High Altitude Leadership is an unconventional, sometimes white-knuckle read that might have you start to lead in a different direction. It matters not whether you’re heading a Fortune 500 company, military forces, a small business, crime syndicate, government department, volunteer group, street gang or trying to raise your kids.
Because, the principles Don Schmincke shares from the study of more than 6,000 years of human behaviour won't change.
Are you prepared to invest the time to deconstruct the challenge of what it takes to be a top notch leader? Ready to embrace an approach that will have you re-examine your core beliefs about leaders and the teams they lead?
The choice is simple.
Graze in the crowded pastures of conventional leadership wisdom and the ordinary results that brings ...
Or dare to make an exhausting, exhilarating climb towards extraordinary, less traveled higher altitudes.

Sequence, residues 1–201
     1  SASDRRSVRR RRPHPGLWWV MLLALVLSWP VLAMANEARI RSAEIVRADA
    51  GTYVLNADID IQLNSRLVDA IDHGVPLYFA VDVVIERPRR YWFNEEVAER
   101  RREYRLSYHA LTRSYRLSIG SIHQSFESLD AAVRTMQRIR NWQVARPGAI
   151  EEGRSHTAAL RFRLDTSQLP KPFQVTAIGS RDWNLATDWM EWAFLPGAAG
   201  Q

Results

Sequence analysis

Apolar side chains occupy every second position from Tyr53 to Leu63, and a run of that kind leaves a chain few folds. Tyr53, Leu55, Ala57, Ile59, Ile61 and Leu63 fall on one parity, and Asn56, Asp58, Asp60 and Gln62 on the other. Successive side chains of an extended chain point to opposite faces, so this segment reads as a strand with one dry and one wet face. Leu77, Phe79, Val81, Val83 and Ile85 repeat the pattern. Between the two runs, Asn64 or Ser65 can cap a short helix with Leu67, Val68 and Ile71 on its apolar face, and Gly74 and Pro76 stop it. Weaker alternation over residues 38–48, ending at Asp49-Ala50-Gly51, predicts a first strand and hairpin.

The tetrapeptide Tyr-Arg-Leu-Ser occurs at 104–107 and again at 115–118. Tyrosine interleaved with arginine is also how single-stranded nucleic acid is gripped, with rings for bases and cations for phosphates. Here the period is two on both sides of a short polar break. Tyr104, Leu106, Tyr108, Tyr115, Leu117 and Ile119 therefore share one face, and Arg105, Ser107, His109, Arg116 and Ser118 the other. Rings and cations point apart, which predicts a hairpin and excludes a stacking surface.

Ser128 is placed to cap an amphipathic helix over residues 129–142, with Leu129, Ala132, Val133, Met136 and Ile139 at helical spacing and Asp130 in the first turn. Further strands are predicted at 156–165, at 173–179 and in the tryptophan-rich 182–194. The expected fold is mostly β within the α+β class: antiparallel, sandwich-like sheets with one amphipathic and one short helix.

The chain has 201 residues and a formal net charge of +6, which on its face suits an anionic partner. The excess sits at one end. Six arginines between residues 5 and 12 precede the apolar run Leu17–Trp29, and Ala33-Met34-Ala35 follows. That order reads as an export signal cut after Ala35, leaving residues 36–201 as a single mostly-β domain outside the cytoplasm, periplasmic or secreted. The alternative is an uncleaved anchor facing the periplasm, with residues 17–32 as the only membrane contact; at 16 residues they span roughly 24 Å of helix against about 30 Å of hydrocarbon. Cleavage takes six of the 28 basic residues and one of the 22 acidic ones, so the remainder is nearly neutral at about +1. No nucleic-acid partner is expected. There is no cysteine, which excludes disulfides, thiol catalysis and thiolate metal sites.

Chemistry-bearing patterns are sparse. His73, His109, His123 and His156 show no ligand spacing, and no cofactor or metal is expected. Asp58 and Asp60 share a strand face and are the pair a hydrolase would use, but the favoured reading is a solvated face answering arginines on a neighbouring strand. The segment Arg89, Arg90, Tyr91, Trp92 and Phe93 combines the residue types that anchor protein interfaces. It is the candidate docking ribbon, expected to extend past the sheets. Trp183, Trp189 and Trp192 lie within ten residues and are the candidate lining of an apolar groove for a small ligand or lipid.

"I`d gotten to know quite a few mafiosi, and all of them told me they loved the picture because I had played the Godfather with dignity. Even today I can`t pay a check in Little Italy"
Wednesday, December 2, 2009
In physics, energy (from the Greek - energos) is a physical quantity describing the amount of work that can be performed by a force, an attribute of objects and systems subject to a conservation law.
In New Brunswick, Leah helps uphold that law.
She could tell you for example, the many different forms of energy; kinetic, potential, thermal, gravitational, sound, light, elastic, and electromagnetic can be transformed into another form, but the total energy always remains the same.